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August 1, 2014
Most of us have grown up thinking of ourselves as an independent, autonomous I.
But what if we are really an interdependent, multi-organism we?
The past five years’ explosion of research have revealed the importance of the microbiome, the community of trillions of bacteria that live within our bodies. We’ve learned that far from being able to operate independently, we partner in a symbiotic relationship with these microscopic creatures. They depend on us to eat high-fiber foods to feed them. We depend on them for…well, just about everything.
Microbial bacteria help us to digest our food. They help to regulate our immune system. They affect whether we feel anxious, depressed, foggy, or fatigued. The bacteria in our microbiome perform so many vital functions, we literally could not survive without them.
But if nonhuman creatures are such an integral part of our biological function, what does it mean to be human? Are we really human? Or are we, as I jokingly tell my patients, just “bacteria in a suit”?
What Our Bacteria Can Teach Us
To me, we are neither “just human” nor “just bacteria.” Instead, we are a “super-organism”—not an individual, but a collective. I wonder, sometimes, whether the lessons of the “super-organism” should not apply to our society as well as to our biology. Wouldn’t we all be healthier living in a society that unites rather than divides; a society in which we all recognized our dependence upon one another and saw ourselves not simply as individuals but as part of a larger whole?
Another lesson of the microbiome has applications in many areas of our lives: the whole is greater than the sum of its parts. In science, we call this emergent properties: what happens when something genuinely new emerges out of a collection of many individual elements.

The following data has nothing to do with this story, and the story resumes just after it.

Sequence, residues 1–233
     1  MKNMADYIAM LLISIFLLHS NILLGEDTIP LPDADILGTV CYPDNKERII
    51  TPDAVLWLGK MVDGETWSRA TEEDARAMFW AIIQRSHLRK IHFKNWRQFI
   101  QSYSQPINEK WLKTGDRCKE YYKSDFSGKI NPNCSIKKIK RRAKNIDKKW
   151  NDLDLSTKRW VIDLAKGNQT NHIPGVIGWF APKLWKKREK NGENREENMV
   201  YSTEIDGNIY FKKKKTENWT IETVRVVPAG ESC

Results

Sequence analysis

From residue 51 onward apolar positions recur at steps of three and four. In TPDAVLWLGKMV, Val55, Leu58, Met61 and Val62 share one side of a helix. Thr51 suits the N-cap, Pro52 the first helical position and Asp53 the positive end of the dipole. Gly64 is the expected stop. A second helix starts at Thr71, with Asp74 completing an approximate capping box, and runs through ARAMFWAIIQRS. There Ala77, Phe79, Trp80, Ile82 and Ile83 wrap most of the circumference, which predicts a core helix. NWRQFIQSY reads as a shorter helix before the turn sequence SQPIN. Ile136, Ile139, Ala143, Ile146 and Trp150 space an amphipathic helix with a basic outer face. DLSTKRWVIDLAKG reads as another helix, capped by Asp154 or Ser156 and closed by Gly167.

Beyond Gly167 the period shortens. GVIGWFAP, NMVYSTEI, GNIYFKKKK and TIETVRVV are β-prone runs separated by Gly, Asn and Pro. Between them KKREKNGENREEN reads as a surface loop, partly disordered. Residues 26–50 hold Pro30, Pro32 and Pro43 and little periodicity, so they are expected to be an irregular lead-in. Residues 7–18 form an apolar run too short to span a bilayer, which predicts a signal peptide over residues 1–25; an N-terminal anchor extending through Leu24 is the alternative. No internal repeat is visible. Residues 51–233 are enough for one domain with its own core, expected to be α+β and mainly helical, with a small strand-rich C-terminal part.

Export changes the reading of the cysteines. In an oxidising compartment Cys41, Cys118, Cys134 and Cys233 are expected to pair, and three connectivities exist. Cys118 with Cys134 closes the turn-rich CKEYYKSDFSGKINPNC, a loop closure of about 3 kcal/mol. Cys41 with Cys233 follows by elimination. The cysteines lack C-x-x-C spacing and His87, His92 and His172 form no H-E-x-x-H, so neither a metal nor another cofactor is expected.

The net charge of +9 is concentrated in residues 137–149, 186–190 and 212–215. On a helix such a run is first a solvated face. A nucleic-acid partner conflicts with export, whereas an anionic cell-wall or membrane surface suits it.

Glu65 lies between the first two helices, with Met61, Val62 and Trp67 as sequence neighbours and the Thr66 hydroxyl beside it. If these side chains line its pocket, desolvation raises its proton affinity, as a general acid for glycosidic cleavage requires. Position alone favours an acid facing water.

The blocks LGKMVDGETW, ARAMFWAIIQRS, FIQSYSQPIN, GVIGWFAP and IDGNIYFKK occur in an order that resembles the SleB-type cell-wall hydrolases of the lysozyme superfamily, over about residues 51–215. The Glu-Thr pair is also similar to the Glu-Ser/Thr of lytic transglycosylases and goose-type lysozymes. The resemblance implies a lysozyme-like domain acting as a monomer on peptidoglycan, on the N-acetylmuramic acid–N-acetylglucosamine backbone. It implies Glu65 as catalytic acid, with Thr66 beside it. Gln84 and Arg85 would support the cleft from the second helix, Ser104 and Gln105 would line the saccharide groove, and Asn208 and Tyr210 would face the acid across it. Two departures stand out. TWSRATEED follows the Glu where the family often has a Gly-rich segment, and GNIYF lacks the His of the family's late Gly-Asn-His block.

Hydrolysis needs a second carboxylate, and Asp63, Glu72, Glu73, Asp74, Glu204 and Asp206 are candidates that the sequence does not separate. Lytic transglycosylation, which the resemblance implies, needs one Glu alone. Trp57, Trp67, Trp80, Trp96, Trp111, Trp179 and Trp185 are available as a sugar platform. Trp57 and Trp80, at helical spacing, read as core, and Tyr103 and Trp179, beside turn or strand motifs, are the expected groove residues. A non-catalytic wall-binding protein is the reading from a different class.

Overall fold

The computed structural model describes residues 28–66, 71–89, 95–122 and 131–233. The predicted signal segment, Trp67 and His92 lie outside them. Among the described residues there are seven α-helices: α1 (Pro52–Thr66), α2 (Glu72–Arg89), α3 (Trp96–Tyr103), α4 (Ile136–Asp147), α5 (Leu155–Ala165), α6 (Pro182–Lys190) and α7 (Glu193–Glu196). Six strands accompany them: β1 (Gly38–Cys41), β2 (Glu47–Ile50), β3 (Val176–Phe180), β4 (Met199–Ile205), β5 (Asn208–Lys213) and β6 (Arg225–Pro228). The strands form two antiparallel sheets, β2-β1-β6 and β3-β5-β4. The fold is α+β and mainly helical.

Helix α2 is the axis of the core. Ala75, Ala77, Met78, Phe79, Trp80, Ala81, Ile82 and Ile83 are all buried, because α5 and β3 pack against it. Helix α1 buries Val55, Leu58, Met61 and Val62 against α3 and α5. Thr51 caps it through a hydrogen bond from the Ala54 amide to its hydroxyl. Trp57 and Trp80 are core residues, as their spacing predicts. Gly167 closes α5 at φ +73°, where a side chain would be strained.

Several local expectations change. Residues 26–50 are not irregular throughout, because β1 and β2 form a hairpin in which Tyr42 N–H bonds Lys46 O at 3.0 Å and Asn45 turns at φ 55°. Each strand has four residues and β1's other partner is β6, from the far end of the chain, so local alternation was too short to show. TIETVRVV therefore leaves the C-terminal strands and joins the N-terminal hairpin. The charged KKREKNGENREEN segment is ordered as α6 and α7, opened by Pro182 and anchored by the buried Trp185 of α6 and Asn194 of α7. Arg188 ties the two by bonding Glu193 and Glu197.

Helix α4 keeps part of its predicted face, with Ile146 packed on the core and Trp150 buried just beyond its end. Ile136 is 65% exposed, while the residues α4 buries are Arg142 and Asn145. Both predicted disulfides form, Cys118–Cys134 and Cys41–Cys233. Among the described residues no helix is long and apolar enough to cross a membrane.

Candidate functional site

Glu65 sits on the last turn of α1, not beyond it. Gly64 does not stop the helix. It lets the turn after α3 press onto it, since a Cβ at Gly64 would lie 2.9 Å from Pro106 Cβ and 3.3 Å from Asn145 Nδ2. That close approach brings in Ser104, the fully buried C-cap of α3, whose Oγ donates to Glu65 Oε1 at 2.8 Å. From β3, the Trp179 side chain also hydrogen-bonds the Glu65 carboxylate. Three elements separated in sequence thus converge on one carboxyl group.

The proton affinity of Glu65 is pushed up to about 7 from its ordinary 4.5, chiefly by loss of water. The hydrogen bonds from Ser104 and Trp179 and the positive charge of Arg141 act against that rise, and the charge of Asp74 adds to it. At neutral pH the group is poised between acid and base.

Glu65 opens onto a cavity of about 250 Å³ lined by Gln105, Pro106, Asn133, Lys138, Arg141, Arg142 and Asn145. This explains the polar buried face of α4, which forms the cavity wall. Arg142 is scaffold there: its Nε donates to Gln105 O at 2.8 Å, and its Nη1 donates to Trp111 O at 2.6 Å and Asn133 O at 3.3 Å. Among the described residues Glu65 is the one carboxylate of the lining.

Feeding Our Kingdom
So what happens if instead of viewing ourselves as one single human, we see ourselves as a zoo, or perhaps as an ecosystem? In this little kingdom that is our body—a kingdom that includes trillions of bacteria—we are the king or queen. As good leaders, how should we care for our subjects? Don’t we want to eat the foods that will support and nourish them? Don’t we want to make sure that they are living in a healthy, peaceful community that supports its host—us? Don’t we want to repay them for all the many tasks they perform for us?
I believe that seeing ourselves this way makes it easier to follow through with healthy choices. Instead of thinking, “What do I want to eat?” we ask, “What do my subjects—my bacteria—want to eat? What does my kingdom need for its benefit?”
After all, a true leader cares first and foremost about his or her people. When we think of those trillions of cells that are depending on us for their nourishment, instead of being drawn to the instant gratification of sweet and starchy foods, we naturally choose healthy fats, high-fiber foods, and other microbiome-friendly items. These are the foods that leave us with a long-term feeling of satiety and the ongoing experience of wellness. Ultimately, taking good care of our “kingdom” is also our healthiest and best choice. It is a true lesson in the ways that giving to others is almost always a gift to ourselves as well.
Lead Your Kingdom Well
The next time you are thinking about what to eat, consider not just your own needs, but those of your “kingdom.” Here are three key things to keep in mind as you nourish your “people”:
Eat like a wise king or queen—and your kingdom will reward your with a healthy weight, a buzzing metabolism, and a terrific level of overall health.
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